Women’s Leadership in a Bad Economy

 Women’s Leadership in a Bad Economy

Yesterday, I spoke to a Fortune 500 company that, in the mid-1990s, was slammed with a high-profile class-action lawsuit alleging discrimination against 45,000 female  Leadership Coaching employees. The suit said the company denied them equal pay, management opportunities, promotions and desirable job assignments. In fact, the company had a track record of sticking women in dead-end jobs. Some bosses reportedly demanded sexual favors from employees. In the end, the company settled for more than $80 million.

Back in the day, no one would ever have heard the name of that company and “women’s leadership” spoken in the same breath. Was it a great event? Sure. But the CEO wasn’t there, nor were any of the C-level executives who control the future of women’s leadership there.

Is Corporate America doing enough to advance the cause of women’s leadership? NO. Some companies are doing great things. I see it all the time when I speak at leadership events. But, there are many instances when the male leadership at the company supports these efforts in order to check off some duty on their to-do list. It’s high-profile lip service.

I’ve been at some events where the CEO speaks, then stays for the entire day (or two) of sessions. And I’ve been at other events where the CEO comes in and talks for 20 minutes, then apologizes because he got to rush out to a meeting. I know they are busy. But, if they are supporting women’s leadership in an effort to boost retention and truly advance women in the organization, they’ve got to be there. Some have made an extraordinary commitment to women’s leadership – like the people I’ve met at KPMG, Accenture, Coca-Cola, Novartis, GlaxoSmithKline, Microsoft, Kraft, Ford Motor Co., among others.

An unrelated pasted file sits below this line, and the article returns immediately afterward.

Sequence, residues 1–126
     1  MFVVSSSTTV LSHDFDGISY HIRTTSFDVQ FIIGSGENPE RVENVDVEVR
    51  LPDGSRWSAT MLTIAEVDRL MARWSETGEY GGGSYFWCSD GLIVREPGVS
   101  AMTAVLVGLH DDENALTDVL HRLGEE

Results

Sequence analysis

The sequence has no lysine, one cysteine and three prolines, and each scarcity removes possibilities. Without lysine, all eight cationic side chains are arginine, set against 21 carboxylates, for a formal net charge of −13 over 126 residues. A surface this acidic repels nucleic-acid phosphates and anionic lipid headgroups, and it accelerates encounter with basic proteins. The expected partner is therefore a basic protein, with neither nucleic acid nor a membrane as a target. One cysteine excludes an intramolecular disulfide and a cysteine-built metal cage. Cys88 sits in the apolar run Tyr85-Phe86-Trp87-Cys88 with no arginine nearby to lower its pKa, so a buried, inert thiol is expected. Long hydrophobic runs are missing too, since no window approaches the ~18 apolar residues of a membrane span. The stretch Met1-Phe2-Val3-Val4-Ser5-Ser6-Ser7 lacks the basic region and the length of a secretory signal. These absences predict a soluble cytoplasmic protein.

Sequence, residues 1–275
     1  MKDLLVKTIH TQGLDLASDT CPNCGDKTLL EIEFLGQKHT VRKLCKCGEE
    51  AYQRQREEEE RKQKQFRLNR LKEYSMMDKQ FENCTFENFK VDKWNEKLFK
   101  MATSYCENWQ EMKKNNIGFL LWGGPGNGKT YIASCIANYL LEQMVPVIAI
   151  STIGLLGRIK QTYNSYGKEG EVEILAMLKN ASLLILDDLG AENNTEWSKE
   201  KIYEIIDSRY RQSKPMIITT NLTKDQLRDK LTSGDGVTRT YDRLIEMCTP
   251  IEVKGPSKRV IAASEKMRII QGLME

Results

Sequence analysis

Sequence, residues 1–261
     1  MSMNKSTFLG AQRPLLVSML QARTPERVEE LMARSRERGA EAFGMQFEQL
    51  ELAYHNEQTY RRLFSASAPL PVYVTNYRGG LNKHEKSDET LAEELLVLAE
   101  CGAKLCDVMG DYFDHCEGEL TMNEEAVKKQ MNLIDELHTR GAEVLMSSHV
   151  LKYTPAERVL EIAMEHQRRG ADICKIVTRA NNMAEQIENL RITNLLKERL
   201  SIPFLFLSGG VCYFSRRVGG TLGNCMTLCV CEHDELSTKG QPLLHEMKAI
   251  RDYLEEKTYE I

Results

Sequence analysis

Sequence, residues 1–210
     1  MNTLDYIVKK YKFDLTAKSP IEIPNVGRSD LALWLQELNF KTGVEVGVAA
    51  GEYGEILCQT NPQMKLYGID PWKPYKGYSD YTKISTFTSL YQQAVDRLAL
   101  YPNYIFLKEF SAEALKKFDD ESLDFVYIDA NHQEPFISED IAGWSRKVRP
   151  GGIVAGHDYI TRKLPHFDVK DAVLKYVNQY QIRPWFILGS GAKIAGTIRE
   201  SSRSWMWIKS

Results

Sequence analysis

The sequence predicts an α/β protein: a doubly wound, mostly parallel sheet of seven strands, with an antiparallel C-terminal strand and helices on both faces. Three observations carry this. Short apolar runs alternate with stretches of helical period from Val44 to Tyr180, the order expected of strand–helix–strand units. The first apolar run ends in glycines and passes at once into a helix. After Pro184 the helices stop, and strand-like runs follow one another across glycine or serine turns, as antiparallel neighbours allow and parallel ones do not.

But, Catalyst reports that we still don’t have access to the power positions. Women hold fewer than 15 percent of the seats on Fortune 500 corporate boards and only 15 women are CEOs at Fortune 500 companies. Let me twist that around. Men hold 97 percent of the top CEO jobs and 85 percent of the top board positions. That’s where we want women in leadership, but it ain’t happening.

I’ve heard from many women lamenting that the top brass seems more inclined to turn to the tried-and-true (men) during the downturn, rather than reach out for new ideas from women in the ranks. How can we advance ourselves in a crazy climate like this? By pushing harder than we ever have. By networking and making friendships with the people who matter. We’ve come this far because we’ve only begun to learn to

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